What is a Gyro Sandwich?

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  • Written By: Michael Pollick
  • Edited By: O. Wallace
  • Last Modified Date: 04 February 2020
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A gyro sandwich consists of various rotisseried meats, salad vegetables such as tomatoes, lettuce and onions, along with a yogurt-based tzatziki sauce. These ingredients are placed on a hearty form of grilled pita bread and served as a wrap sandwich. In some countries, it may also contain french fries or mustard. The type of pita bread may also vary, from the pocket style to a greasier round flatbread.

The meats used in a traditional gyro sandwich may be pork, chicken, beef or lamb. In Greece and surrounding countries, the term gyro sandwich may also refer to a similar sandwich called souvlaki. Greek restaurants in other countries tend to define gyro meat as a mixture of minced beef and lamb, while souvlaki is generally considered a marinated pork product. The lamb and/or beef used is often pressed into a conical shape, then placed vertically on a spit rod for roasting. Sandwich makers will periodically shave off generous portions of this meat and sear it on a grill.


The grilled meat is then placed on a round piece of warmed or grilled pita bread. A traditional gyro sandwich sold in places other than Greece is notoriously oversized. Sandwich makers then add various ingredients, typically a leaf of lettuce, chopped tomatoes and sliced onions. Some makers add french fries at this point. The final step is the addition of tzatziki sauce, which is made with Greek-style yogurt, diced cucumbers, dill weed and a small amount of vinegar. The ingredients of a the sandwich are intended to work together, with the tzatziki sauce counteracting the spiciness of the meat.

Because a gyro sandwich can be prepared quickly with only a few ingredients, it has become a popular item on street vendors' menus. Many people encounter their first gyro sandwich at county fairs and other special events. Some grocery stores even offer sliced gyro meat in their deli meat section, or offer kits containing the meat, sauce and pita bread. This meat has also become a popular alternative to the traditional pizza toppings, especially in cities with a large Greek population.


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Post 14

Gyros is large pieces, while doner has the texture of a meatball.

Post 11

It's funny how some places that sell gyros don't know how to pronounce gyro sandwich!

Post 10

@anon50771-- Well, if you feel that a restaurant is not up to standard, don't eat their gyros!

But as far as I know, gyro machine is prepared in the morning and the meat is used up during lunch time. It's prepared again during lunch for dinner. So there shouldn't be any left over.

Also, as the meat cooks, it is sliced off and the new layer of meat is allowed to be cooked thoroughly before it is sliced off again. So there is no risk of it being under-cooked and bacteria ridden.

Post 9

I usually eat beef gyros. I even make them at home myself. Some grocery stores sell gyro meat in the meat department. I buy my pita bread and gyro sandwich sauce and put it together at home.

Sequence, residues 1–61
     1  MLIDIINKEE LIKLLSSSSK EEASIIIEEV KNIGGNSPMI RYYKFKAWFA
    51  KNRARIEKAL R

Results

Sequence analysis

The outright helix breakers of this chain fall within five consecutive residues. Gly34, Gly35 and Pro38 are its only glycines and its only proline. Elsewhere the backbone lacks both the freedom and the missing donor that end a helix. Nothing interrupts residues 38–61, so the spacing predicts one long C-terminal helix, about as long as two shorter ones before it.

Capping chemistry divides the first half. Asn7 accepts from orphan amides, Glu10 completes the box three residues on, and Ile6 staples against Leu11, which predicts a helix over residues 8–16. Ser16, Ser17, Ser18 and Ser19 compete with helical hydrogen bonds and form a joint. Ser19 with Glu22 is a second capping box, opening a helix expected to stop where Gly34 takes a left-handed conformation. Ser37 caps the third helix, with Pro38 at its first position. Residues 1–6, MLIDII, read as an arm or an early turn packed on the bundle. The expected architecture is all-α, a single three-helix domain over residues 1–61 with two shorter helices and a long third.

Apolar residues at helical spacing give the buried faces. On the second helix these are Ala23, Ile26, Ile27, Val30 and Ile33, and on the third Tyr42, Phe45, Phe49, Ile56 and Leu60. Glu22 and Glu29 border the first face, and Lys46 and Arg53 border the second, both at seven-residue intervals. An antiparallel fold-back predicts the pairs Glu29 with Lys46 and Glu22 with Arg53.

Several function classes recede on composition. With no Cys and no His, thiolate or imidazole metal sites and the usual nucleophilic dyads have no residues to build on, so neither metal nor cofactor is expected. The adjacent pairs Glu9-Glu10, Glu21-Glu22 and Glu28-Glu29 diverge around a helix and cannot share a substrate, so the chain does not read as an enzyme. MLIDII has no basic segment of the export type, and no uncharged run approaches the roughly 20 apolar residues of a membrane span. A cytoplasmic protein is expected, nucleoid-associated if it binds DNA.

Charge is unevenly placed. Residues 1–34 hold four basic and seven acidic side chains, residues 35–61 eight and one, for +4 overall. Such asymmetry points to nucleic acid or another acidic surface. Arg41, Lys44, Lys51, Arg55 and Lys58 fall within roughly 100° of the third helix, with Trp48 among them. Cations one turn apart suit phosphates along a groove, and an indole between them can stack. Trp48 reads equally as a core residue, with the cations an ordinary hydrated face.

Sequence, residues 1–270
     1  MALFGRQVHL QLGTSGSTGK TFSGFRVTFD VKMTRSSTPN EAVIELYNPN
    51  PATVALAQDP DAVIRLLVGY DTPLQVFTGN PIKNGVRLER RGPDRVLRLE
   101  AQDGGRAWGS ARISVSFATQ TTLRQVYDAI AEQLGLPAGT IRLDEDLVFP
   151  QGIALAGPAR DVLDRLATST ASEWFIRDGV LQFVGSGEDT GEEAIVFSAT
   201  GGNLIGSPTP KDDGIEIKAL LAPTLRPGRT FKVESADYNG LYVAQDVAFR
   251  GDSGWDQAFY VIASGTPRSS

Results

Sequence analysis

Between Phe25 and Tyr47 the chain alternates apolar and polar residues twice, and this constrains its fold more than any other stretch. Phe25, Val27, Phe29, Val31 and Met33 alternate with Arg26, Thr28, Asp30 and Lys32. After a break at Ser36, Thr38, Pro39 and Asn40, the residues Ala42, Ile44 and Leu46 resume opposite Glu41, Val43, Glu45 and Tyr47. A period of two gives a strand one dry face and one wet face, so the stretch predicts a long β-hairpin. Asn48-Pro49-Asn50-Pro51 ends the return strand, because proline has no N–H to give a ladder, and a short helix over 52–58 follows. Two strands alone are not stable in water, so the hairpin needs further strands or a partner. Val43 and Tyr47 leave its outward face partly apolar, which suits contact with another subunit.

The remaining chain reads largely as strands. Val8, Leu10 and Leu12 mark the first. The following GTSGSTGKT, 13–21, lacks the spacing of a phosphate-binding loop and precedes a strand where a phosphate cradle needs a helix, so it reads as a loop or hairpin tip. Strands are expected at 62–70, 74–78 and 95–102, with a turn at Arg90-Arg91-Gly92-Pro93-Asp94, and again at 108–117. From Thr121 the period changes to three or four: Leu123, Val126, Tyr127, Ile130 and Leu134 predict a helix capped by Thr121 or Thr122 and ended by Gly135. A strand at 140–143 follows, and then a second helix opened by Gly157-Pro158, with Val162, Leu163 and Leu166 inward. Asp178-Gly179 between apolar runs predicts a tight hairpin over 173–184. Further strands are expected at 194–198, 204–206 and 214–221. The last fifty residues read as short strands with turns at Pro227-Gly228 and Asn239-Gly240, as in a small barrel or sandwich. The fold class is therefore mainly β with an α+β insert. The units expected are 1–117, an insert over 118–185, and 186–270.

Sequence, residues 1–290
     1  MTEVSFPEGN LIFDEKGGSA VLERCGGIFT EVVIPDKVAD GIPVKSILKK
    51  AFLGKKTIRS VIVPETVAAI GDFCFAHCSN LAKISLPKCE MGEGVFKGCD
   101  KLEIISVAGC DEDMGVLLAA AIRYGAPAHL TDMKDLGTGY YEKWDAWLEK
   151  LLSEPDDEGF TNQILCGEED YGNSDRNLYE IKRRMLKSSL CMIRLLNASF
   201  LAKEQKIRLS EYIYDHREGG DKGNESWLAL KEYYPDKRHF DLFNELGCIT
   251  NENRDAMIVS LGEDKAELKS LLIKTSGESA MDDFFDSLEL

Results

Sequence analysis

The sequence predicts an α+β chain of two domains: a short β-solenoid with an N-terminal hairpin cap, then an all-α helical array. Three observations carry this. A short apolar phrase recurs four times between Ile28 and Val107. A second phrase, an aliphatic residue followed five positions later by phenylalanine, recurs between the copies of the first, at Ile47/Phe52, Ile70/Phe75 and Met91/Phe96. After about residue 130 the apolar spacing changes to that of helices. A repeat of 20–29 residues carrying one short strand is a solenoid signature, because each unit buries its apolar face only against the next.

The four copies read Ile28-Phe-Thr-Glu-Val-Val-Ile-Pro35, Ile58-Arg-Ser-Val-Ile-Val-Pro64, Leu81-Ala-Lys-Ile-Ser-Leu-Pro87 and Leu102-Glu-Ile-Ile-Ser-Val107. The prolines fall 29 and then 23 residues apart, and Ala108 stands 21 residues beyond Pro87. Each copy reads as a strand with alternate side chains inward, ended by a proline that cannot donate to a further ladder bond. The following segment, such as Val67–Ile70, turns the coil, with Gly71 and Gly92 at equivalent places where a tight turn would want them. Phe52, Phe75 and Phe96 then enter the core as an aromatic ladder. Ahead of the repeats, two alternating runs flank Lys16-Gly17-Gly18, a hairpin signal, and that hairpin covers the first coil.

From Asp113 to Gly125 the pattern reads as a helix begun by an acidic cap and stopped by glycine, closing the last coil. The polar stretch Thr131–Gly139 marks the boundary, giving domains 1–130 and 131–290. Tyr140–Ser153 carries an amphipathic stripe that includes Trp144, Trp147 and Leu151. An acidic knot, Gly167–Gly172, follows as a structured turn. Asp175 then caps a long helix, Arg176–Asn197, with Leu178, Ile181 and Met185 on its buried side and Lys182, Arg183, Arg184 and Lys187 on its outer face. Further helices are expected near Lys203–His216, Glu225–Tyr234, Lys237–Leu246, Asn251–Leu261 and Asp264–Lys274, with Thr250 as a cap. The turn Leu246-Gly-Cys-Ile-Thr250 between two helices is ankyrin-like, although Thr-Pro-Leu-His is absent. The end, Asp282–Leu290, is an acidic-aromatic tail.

The other day however, I went to a Lebanese grocery and they were selling gyro sandwiches there. I bought one to try and it tasted so different. It turns out the meat was made from lamb. There was also a different spice on it. It tasted odd to me, almost sour. I couldn't even finish it. I like beef gyros much better.

Post 8

There is this Mediterranean restaurant close to me that serves this amazing appetizer. It is not authentic at all but it is delicious.

It is basically falafel wrapped in gyro meat and served with yogurt sauce for dipping. I know it sounds like something out of McDonald's Morocco, but it is really, really good. My wife and I get an order every time we go.

Post 7

I would like to make my own gyros at home but obviously I do not need an entire spit of meat.

Can I buy gyro meat in smaller proportions and maybe keep it in my freezer? How hard is it to cook?

Post 6

I used to go to this dinner all the time that served what they called a gyro skillet. It was basically gyro meat cooked up with eggs, potatoes and a few veggies and then served with cucumber sauce. It was amazing! I could have eaten one every single morning.

Post 4

I have worked in Greek restaurants where gyro meat was prepared on a vertical spit rotisserie, and I can tell you that an average cone of meat did not last for more than a few hours before being used up completely. I remember having to wash the skewer and other rotisserie parts in a big hurry in order to get a new cone started. If a restaurant really had meat rotting on the skewer, then it must be having a lot of other problems besides gyro sales.

The original ground lamb (some say goat) and beef gyro meat has a unique flavor that may take some getting used to. I prefer my gyro sandwiches to be overstuffed, with only lettuce, tomato, onions and tzatziki sauce. I've seen restaurants offer other ingredients such as feta cheese and diced bell peppers. The chicken gyro meat also has an interesting flavor, and it's not always prepared from a spit-roasted cone.

Post 2

What about all the bugs that are multiplying inside when its cooking on the outside? I have seen some that seem to linger for days in shops near Birmingham, England.

Post 1

i'm a little put off by the meat, but love, love, love a good gyro!

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